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The L: I liked the colors. You put together a palette that suggests a sense of place without showing landmarks or whatnot.
AB: There's no production designer on the movie. We sometimes move things around or we frame things in a certain intentionality, but we didn't paint a single wall in the movie. We knew that we were looking for colors and certainly were finding them everywhere we went. There was a certain Austin palette. I've done three films now and we've never shot a film in the city where I was writing it. But every time, when we've picked the city, it ends up being [like] a character. To me Beeswax is definitely an Austin movie, and it would have been very different if it was set anywhere else. And whether or not the city is a "character" is very similar to casting actors: once you plug someone in a world, the world becomes theirs.
The L: This is your third film working on a small scale. How was it this go-round — is the hustle getting old?
AB: I've only begun to scratch the surface of the world of big movies, and I don't think you have to hustle any less in that world, at least not until you're really fully established yourself. We might have passed the historical era where it's possible without hustling to get a film made. In many ways I'm a lazy person, so I would love not to have to climb a mountain every time, but I think that's the name of the game. It's felt like it's gotten more difficult every time: even though we've had a little more experience and a little more credibility, the challenges have mounted faster than the comfort or ease of getting it done.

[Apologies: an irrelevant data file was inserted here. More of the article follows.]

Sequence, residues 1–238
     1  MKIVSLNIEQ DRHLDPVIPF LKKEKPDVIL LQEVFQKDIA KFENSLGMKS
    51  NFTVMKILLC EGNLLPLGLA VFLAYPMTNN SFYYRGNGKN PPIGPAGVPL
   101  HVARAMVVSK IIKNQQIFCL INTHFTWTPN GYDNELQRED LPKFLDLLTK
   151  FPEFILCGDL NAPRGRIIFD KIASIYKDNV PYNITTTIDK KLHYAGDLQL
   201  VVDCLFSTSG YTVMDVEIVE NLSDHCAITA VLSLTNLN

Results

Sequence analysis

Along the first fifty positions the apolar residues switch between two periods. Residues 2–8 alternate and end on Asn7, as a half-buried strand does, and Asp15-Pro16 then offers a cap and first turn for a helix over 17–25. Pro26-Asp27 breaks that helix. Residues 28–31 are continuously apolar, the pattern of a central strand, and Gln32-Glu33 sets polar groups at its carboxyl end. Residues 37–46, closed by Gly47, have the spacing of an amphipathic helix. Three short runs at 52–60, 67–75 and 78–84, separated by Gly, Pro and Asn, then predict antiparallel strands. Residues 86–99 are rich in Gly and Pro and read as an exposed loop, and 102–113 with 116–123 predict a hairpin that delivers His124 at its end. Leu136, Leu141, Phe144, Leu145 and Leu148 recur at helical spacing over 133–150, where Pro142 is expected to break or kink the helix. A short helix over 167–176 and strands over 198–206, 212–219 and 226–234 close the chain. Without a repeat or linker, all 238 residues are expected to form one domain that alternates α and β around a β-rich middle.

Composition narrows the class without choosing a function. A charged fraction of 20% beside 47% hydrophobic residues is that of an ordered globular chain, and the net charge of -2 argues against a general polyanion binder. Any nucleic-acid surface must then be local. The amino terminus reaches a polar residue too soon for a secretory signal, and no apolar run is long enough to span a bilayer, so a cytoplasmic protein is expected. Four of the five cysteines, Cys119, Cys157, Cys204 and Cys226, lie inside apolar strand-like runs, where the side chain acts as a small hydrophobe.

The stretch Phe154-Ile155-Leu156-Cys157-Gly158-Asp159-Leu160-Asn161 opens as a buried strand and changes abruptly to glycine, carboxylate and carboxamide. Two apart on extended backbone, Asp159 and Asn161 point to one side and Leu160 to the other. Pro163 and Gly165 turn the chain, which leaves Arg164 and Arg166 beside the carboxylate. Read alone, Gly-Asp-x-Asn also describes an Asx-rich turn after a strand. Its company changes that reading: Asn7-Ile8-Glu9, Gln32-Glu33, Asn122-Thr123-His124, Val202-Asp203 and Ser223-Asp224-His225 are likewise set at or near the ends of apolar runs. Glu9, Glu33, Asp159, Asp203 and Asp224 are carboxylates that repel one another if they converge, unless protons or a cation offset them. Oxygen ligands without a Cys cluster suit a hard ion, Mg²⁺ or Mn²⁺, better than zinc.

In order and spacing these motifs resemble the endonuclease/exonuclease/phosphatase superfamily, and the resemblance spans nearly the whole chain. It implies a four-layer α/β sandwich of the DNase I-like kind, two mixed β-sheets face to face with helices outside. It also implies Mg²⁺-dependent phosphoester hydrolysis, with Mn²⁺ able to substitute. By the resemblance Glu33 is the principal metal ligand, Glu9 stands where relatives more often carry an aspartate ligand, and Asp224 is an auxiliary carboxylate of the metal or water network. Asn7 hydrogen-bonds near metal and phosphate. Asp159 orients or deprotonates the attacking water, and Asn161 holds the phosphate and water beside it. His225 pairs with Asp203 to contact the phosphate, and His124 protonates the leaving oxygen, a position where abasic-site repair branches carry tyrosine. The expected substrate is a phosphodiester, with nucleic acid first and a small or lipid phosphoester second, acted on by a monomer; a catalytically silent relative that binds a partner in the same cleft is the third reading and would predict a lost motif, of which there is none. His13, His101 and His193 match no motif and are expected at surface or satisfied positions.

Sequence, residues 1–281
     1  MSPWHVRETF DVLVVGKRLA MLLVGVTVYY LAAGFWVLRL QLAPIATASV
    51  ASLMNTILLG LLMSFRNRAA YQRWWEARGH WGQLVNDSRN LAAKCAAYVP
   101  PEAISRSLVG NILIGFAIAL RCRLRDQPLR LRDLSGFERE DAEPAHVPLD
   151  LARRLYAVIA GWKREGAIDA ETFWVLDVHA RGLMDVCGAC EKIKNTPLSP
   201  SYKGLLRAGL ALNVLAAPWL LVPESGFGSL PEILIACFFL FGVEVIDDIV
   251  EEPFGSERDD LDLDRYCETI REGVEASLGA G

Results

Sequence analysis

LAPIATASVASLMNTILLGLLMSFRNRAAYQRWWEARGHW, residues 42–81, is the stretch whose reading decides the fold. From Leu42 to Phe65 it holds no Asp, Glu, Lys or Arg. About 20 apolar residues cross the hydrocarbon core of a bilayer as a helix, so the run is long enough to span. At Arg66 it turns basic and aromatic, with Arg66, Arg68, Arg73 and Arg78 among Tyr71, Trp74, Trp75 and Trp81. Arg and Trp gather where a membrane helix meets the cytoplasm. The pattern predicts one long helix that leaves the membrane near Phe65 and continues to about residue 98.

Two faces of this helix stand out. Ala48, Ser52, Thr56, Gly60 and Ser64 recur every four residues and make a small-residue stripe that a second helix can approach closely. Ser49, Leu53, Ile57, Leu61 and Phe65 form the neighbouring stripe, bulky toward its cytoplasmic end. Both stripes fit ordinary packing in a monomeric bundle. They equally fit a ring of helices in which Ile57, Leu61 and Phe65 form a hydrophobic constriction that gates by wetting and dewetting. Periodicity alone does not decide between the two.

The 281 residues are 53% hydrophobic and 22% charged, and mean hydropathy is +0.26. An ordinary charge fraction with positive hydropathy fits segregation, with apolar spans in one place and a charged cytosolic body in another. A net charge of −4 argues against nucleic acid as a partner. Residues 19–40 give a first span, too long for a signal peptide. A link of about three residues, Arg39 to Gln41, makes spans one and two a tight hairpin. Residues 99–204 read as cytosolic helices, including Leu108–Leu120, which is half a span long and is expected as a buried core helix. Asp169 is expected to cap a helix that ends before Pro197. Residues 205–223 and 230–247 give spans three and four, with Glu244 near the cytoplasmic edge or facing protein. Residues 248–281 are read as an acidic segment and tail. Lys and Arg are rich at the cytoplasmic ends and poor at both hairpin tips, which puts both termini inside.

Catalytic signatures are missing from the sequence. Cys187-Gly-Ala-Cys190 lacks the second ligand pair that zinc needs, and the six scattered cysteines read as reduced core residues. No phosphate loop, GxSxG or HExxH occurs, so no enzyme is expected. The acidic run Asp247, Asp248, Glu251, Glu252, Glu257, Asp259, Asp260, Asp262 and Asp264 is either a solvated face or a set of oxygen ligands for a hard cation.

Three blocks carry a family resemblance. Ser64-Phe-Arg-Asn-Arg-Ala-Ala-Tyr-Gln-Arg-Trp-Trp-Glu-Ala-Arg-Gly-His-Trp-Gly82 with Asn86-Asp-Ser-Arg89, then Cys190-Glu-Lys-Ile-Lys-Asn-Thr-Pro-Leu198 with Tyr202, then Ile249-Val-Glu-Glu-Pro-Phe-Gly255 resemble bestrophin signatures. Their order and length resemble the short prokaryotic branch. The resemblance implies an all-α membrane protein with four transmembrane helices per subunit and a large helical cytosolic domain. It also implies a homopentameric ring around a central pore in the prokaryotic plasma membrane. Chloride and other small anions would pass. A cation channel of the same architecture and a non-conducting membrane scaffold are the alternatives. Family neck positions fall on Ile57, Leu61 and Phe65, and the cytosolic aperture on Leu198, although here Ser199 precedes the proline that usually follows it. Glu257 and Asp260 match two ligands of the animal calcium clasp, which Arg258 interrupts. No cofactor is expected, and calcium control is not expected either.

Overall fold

I certainly feel like I'm at some sort of crossroads, but I don't know what's next for me. Broadly speaking, it seems that there are three categories of options, and within them a million subcategories. You know, try to do what everybody's been telling me to do since the first film: go big. Or try to stay on this path that we've been on, which I kind of like, perversely, because nobody will ever advise you to keep making smaller and medium-sized films that lose money. But part of what's always appealed to me about the films I've made is that I like making the film that nobody else is going to make. Either I'd do it and it exists in the world, or it doesn't exist in the world. And it's kind of maybe what's kept me from trying to sit down and write a more conventional genre piece. I have yet to figure out how I would do it in a way that couldn't be topped by a thousand other struggling screenwriters who are trying to do the same thing. The third option of course is that I should be making smaller, cheaper, weirder things, and that has an appeal too.